TEN WAYS TO UNTWIST YOUR THINKING
Thinking in Shades
The Survey Method
Write down your negative thoughts so you can see which of the
ten cognitive distortions you're involved in. This will make it
easier to think about the problem in a more positive and realistic
Instead of assuming that your negative thought is true, examine
the actual evidence for it. For example, if you feel that you never
do anything right, you could list several things you have done
Instead of putting yourself down in a harsh, condemning way,
talk to yourself in the same compassionate way you would talk to
a friend with a similar roblem.
Do an experiment to test the validity of your negative thought.
For example, if, during the episode of panic, you become terrified
that you're about to die of a heart attack, you could jog or run up
and down several flights of stairs. This will prove that your heart
is health and stron .
Although this method might sound drab, the effects can be
illuminating. Instead of thinking about your problems in all-or-
nothing extremes, evaluate things on a range of 0 to 100. When
things don't work out as well as you hoped, think about the
experience as a partial success rather than a complete failure.
See what ou can learn from the situation.
Ask people questions to find out if your thoughts and attitudes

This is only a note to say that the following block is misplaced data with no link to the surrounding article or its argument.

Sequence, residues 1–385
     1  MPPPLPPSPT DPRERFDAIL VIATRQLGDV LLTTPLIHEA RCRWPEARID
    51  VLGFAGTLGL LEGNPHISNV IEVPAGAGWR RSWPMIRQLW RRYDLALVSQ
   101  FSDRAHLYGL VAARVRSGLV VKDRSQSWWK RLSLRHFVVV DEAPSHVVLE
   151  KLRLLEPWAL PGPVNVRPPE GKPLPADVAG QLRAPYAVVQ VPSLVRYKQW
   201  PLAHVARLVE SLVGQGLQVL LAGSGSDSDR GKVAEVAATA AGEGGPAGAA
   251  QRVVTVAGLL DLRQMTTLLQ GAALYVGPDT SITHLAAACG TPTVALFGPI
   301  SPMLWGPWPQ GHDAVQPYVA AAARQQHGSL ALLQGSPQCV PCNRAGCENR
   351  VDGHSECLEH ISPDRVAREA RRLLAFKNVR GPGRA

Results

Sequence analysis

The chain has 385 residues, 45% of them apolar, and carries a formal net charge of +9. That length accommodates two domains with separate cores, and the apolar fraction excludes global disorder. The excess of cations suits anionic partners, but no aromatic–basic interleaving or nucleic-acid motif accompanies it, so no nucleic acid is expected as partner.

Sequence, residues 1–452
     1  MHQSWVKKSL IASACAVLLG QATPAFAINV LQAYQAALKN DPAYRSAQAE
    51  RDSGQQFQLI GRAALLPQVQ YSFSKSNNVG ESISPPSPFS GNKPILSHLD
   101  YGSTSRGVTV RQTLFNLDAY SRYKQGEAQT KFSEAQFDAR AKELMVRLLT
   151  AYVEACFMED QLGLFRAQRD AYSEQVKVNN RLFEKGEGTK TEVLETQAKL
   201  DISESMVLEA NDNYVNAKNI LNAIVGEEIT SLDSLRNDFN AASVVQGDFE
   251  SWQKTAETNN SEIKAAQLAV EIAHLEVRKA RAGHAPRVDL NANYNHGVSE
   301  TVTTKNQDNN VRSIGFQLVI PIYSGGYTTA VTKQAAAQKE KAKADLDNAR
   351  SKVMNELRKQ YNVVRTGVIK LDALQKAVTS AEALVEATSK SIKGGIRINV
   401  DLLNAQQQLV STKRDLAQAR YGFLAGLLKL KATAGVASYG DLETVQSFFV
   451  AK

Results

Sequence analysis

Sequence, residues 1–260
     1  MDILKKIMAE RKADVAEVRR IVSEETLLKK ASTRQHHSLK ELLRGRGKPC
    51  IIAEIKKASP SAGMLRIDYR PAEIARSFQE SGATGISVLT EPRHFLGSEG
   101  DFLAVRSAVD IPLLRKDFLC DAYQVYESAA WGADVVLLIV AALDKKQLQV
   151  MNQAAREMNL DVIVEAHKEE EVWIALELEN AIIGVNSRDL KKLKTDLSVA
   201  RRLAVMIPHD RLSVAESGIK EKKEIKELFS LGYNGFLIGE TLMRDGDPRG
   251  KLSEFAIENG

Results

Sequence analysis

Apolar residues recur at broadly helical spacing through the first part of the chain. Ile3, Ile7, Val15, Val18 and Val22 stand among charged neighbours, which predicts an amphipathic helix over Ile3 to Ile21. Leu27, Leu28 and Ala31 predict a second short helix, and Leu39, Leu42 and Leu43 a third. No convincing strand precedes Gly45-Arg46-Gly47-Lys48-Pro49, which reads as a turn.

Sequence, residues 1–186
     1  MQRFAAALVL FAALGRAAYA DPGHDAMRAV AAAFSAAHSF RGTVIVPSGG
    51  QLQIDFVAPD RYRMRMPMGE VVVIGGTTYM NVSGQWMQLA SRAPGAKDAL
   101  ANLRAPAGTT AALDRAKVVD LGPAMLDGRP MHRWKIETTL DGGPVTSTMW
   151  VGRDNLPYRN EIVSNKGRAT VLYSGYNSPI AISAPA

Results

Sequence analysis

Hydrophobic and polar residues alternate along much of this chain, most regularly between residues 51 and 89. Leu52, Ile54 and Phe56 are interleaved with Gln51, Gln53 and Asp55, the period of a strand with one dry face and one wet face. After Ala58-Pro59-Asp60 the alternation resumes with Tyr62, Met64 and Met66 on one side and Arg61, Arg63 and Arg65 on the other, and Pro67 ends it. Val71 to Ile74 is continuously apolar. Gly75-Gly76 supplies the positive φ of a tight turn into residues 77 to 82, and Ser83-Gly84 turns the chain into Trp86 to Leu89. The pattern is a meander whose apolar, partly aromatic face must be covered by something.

are realistic. For example, if you believe that public speaking
anxiety is abnormal and shameful, ask several friends if they ever
felt nervous before the ve a talk.
When you label yourself "inferior* or "a fool" or "a loser," ask,
"What is the definition of a 'fool'? " You will feel better when you
see that there is no such thin as a "fool" or a "loser."
Simply substitute language that is less colorful and emotionally
loaded. This method is helpful for "should statements." Instead
of telling yourself "I shouldn't have made that mistake," you can
say, "It would be better if I hadn't made that mistake."
Instead of automatically assuming that you are "bad" and blaming
yourself entirely for a problem, think about the many factors that
may have contributed to it. Focus on solving the problem instead
of usin u all our ene blamin ourself and feelin
List the advantages and disadvantages of a feeling (like getting
angry when your plane is late), a negative thought (like "No
matter how hard I try, I always screw up"), or a behavior pattern
(like overeating and lying around in bed when you're depressed).
You can also use the Cost-Benefit Analysis to modify a self-
defeatin belief such as, "l must al
to be rfect"
1989 by David D. Burns, M.D., from The Feeling Good Handbook